UBER-HEB: Universal Biologically-inspired Environment for Research: Hierarchical Ersatz Brain

Award Information
Agency:
Department of Defense
Branch
Defense Advanced Research Projects Agency
Amount:
$99,000.00
Award Year:
2008
Program:
STTR
Phase:
Phase I
Contract:
W31P4Q-08-C-0433
Agency Tracking Number:
08ST1-0122
Solicitation Year:
2008
Solicitation Topic Code:
ST081-006
Solicitation Number:
2008.A
Small Business Information
APTIMA, INC.
12 Gill Street, Suite 1400, Woburn, MA, 01801
Hubzone Owned:
N
Socially and Economically Disadvantaged:
N
Woman Owned:
N
Duns:
967259946
Principal Investigator:
Paul Allopenna
Senior Cognitive Scientist
(781) 496-2486
pallopenna@aptima.com
Business Contact:
Margaret Clancy
Chief Financial Officer
(781) 496-2415
clancy@aptima.com
Research Institution:
BROWN UNIV.
Michael Gaughan
Box 1929
164 Angell Street, 3rd Floor
Providence, RI, 2912
(401) 863-1799
Nonprofit college or university
Abstract
Decades of exponential advancement in computer capabilities have transformed the world, from toddlers’ playthings to the technologies of war and peace. Some further advances are constrained by the limits of von Neumann machines; in particular, they do not learn well. Aptima proposes to conduct a feasibility study to design “UBER-HEB,” a non-von Neumann hierarchical universal learning system. The work is grounded in the Ersatz Brain Project, a biologically-inspired architecture for cognitive computing, based on decades of research by Professor James Anderson of Brown University, a founder of neural networks. The team members have collaborated for a decade. The approach uses many sparsely connected modules inspired by cortical columns. Learning takes places via several integrated mechanisms: Hebbian, dynamic systems forming attractors, interference patterns of activations. It includes hierarchical structures and hierarchical properties also emerge naturally. It takes a biologically plausible and computationally powerful topographical approach to temporal encoding. We will structure the work around three test problems, for which we will develop running code. One of the problems concerns anomaly detection, which is of clear operational relevance. The feasibility assessment and resulting design will thus be based on both theoretical considerations and the results and analysis of the test problems.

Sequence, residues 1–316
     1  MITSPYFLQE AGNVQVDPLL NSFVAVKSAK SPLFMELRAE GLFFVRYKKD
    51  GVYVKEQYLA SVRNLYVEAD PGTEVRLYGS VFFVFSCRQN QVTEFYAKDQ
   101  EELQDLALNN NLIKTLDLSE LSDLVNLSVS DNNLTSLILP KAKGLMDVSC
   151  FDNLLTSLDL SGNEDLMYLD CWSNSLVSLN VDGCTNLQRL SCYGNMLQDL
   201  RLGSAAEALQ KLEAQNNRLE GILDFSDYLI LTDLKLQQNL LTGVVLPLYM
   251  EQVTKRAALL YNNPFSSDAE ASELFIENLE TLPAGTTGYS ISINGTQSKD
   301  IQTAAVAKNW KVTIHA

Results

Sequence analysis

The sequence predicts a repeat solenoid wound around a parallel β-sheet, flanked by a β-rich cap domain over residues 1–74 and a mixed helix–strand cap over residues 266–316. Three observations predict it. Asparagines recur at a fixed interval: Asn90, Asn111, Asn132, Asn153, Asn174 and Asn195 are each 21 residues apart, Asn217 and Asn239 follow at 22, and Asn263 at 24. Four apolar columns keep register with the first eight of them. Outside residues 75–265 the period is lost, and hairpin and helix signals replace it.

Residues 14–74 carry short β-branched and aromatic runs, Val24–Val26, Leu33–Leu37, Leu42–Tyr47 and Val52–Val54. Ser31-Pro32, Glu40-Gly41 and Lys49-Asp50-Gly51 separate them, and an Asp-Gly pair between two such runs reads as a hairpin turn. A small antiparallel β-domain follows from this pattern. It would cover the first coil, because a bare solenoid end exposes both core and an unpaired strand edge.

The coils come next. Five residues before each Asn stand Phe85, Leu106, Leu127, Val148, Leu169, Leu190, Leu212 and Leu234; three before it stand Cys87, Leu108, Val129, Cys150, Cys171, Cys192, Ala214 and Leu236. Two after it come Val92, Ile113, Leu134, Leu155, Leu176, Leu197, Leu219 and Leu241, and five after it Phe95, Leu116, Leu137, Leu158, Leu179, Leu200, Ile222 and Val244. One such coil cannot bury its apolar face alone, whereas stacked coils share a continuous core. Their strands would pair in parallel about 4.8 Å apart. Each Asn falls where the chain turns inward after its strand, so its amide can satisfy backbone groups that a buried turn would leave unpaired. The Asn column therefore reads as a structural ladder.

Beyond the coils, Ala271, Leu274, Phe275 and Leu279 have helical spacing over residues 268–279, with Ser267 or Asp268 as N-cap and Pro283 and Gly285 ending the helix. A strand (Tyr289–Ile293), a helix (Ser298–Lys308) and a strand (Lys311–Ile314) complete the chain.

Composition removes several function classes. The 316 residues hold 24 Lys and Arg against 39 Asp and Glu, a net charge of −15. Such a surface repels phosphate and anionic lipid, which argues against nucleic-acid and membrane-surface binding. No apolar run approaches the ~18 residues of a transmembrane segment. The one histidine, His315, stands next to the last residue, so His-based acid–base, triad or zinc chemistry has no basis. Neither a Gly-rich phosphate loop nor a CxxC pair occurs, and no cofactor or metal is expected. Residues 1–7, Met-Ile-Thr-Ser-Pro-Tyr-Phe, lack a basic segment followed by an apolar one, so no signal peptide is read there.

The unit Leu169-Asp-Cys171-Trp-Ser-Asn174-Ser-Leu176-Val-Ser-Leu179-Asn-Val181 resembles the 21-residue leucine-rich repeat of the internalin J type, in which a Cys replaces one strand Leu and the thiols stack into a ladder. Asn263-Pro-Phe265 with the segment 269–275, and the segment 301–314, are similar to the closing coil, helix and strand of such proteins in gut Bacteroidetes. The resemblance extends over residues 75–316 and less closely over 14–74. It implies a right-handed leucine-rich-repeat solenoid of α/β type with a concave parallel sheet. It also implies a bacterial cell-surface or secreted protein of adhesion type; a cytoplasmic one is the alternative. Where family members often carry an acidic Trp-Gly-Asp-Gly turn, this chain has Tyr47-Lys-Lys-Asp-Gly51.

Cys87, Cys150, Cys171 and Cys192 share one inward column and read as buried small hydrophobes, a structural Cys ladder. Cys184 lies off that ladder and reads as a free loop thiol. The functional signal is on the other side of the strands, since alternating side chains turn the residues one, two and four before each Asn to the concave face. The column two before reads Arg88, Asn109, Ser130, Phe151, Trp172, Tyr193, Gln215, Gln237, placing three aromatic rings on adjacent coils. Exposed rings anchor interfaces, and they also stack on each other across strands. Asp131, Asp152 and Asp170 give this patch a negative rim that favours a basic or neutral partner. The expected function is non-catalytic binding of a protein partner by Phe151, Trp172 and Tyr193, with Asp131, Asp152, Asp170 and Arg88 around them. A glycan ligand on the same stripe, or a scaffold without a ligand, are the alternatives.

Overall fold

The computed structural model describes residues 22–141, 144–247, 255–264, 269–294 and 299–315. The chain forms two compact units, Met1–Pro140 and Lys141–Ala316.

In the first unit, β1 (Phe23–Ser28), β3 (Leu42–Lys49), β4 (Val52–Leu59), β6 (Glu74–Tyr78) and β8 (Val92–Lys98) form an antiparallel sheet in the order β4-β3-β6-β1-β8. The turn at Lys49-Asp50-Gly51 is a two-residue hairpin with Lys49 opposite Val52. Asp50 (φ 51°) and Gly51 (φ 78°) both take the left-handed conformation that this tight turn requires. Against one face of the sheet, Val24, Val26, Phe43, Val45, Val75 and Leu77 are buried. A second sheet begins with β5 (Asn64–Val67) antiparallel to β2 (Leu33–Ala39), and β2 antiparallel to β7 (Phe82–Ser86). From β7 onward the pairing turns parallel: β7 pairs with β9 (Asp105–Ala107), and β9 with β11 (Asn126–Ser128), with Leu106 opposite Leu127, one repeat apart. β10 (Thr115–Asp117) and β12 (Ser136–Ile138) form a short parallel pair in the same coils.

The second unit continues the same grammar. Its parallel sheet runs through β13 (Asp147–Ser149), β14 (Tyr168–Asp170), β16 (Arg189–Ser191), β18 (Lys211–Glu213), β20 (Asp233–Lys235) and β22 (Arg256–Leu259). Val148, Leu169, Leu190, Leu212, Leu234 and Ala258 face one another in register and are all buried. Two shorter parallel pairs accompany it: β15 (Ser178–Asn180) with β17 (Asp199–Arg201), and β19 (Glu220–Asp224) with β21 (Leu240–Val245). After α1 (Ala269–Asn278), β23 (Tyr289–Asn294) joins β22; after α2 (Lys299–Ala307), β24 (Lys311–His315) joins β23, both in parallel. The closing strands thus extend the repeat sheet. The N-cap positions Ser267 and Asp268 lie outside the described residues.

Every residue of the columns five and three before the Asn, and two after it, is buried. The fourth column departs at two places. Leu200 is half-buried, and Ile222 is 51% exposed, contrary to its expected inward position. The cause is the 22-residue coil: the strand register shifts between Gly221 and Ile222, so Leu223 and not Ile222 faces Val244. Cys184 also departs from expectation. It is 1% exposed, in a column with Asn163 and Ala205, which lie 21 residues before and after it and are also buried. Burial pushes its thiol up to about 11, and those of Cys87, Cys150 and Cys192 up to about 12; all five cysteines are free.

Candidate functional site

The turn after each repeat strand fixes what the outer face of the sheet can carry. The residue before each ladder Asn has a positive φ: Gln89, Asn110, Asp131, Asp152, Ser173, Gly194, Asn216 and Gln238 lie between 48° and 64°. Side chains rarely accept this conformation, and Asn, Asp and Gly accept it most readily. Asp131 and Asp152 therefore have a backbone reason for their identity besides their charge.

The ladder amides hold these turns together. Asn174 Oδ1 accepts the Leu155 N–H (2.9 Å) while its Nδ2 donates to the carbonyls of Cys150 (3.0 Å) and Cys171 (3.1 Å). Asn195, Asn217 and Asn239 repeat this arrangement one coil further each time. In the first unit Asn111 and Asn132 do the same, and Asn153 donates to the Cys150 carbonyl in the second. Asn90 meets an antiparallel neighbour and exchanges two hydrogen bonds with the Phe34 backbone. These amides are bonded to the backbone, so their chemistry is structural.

* information listed above is at the time of submission.

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